We run regular training programs for our various product lines and we are constantly accelerating these efforts. However, in the contemporary business environment it is important to balance training with self-learning and knowledge sharing opportunities that are more accessible and less cost intensive for the customer.
Our eCognition community provides an excellent example where we’ve made significant inroads through the use of a knowledge sharing community approach. Today there are more than 4,500 members of the eCognition community with access to functions such as wikis, blogs, discussions, file sharing and various other collaboration tools. Because all data within the community is user tagged, we are able to serve highly relevant content for all of the most common requirements. This approach alone is certainly not a complete training solution; however, we are very encouraged by its success.
ASM: What do you expect the Geospatial Division will look like in 3-5 years time?
KS: We believe that geospatial information is becoming more common and will be mainstream in the near future. We are seeing it every day as geospatial solutions are put to use in new markets and new application areas. It is clear that geospatial technologies will be increasingly utilized within industries where they are not used at all today. This will have a major impact on the GeoSpatial Division as we evolve our operations to keep pace with the demands of new industrial sectors while simultaneously driving technological innovation.
We’ve also seen – and have participated in – significant consolidation within the geospatial industry. Together, technological convergence and industry consolidation are changing the dynamics of the geospatial industry. In this respect Trimble is well positioned to serve its customer base with leading edge geospatial solutions in the years to come.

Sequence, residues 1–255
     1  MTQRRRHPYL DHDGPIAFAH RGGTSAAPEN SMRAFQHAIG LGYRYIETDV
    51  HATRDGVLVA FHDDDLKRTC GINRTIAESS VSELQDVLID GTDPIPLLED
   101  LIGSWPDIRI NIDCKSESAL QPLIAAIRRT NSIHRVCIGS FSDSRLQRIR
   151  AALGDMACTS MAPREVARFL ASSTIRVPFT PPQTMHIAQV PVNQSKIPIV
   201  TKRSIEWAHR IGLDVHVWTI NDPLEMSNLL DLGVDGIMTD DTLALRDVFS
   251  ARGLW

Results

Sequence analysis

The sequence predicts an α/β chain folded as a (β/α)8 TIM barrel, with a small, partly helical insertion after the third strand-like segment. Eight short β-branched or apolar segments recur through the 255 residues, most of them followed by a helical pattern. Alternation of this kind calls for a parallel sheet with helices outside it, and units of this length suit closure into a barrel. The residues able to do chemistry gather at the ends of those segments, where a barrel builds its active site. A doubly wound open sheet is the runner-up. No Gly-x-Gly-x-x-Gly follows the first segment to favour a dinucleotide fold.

There are also any number of emerging trends, such as the use of unmanned vehicles, indoor mapping or Internet initiatives for geospatial collaboration to name only a few. Like other industries, geospatial is being affected by changes in global markets, with developing countries and emerging markets justifying increasing investment and priority. Any of these trends, or possibly a trend that is yet to emerge, could significantly impact the way we do business within the GeoSpatial Division in the coming years.
ASM: How did INTERGEO in Nuremburg, Germany go for Trimble? What were people able to see?
KS: As in previous years, Trimble had a significant presence at INTERGEO. In addition to the main Trimble booth, there were also numerous exhibitors from the Trimble universe.
The Inpho 5.4 suite and 80MP Trimble Aerial Camera launched earlier this month at Photogrammetric Week was demonstrated at INTERGEO. We also launched eCognition 8.7 at INTERGEO and announced the availability of our latest Trimble Trident Analyst software for land mobile mapping.
It’s was a great opportunity to come by the GeoSpatial exhibit with so many new products available for discussion and demonstration.
[This interview first appeared in Asian Surveying and Mapping magazine.]
Katherine Sandford is General Manager for Trimble’s GeoSpatial Division.
For more information: www.trimble.com